Hits and misses in the autism world
Here are some hits and misses for learning social cues and/or interpreting facial expressions for our autistic kids. Below I will explain hits and misses in the autism world.
A hit: My child had a communication log and a check-off system that matched his at-home earnings chart. One year I added a “bonus” category called “Notice a social cue.”
Why was that a hit?
I had to explain this new category to my child which included explaining what a social cue was. We had a great conversation as a result. I had to explain non-verbal communication and how he needed to focus a bit longer on the faces of other people in order to receive non-verbal communication.
The best thing about this conversation was that I had it more than once. Plus, I had to remind him social cues meant bonus points.
He has to “notice a social cue.” This was more difficult for my son than other topics on his list. He has to go an extra mile to earn these bonus points.
My son’s aide assisted with this. She helped him understand what he was looking at.
At home, I would “whoop it up” when my son attempted to interpret non-verbal communication. I always try to approach autism-related milestones with a positive approach.
How does it work?
Mostly, it works well when the entire “team” is on the same page.
There have been misses, however.
One time my child was spending a few hours with his respite person.
During this time, she had taken him to his soccer game. On the walk to the car after the game, according to the respite person, my son was “making faces.”
The respite person didn’t understand them and questioned them.
In response, my child didn’t understand what she was asking.
Needless to say, they both got angry at each other and the ride to our home was not pleasant.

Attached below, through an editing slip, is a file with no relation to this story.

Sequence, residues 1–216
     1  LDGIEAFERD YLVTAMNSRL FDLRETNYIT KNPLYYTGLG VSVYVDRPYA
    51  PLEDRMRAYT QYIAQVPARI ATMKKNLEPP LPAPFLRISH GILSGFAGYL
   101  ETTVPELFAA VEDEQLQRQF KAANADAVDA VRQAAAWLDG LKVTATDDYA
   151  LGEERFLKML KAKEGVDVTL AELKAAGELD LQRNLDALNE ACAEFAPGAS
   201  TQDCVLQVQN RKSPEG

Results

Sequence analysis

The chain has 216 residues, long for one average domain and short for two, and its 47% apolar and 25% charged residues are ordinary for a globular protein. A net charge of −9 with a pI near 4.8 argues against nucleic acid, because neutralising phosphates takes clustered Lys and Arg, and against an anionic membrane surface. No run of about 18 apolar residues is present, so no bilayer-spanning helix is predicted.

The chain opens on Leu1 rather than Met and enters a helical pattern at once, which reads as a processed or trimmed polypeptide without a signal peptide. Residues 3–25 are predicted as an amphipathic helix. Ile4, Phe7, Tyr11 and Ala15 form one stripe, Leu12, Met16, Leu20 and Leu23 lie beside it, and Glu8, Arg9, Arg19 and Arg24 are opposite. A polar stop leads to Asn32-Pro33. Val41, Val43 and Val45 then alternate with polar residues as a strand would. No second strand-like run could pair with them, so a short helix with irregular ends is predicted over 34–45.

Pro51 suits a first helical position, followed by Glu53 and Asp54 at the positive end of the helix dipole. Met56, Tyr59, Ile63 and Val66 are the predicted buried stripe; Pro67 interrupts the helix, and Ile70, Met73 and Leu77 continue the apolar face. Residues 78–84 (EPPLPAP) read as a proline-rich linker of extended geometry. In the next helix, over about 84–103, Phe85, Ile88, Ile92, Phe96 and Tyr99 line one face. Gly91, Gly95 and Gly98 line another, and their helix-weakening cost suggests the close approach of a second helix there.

Sometimes, it’s just a bad day all around.
To clarify, the respite person admitted that she was not in a good mood in the first place. She apologized and said she “should know better.”
This aide is a professional in the field of working with kids on the spectrum and admitted that she had reacted to my son badly.
She just got angry at him and didn’t want to explore what was really going on with him.
Talking to our child about this type of incident.
Then, the conversation I had with my son about this incident was very satisfying.
I asked him to explain what he thought had happened when he was walking to the car with the respite person.
He said he remembered making faces and he remembered the respite person getting mad at him. He also remembered not really being able to explain to her what had happened.
Expanding on what happened.
Additionally, my son added a few statements that he had never said before. He said, “Mommy, sometimes I just make faces for no reason. I didn’t know I was making faces at her. Sometimes it just happens and I don’t know why it’s happening. I don’t make them for any reason.”
I congratulated my child for being able to so thoroughly express himself, which, in the past, he has not always been able to do.
Now, I understood what had happened.
I told my son that it was a good thing that he was able to tell us these things.
I also explained the “miss,” the facial expressions that he was making were misinterpreted by someone and these things can happen. Faces are a form of non-verbal communication and sometimes people aren’t going to like what you’re telling them with your face. Sometimes people are sensitive to even a look.
To follow up…
I gave my son a small mirror and asked him to practice making faces. Happy, sad, angry, surprised.
If I caught him making a face at home, I would point it out. “See the face you’re making. What do you think that is saying to me?”
This miss turned into an important lesson and some eye-opening conversations. There was value there.
The misses are just as important as the hits. Both are going to continue to happen. Get used to them.
The hits and the misses. Read more about facial expressions/social cues with autistic children here: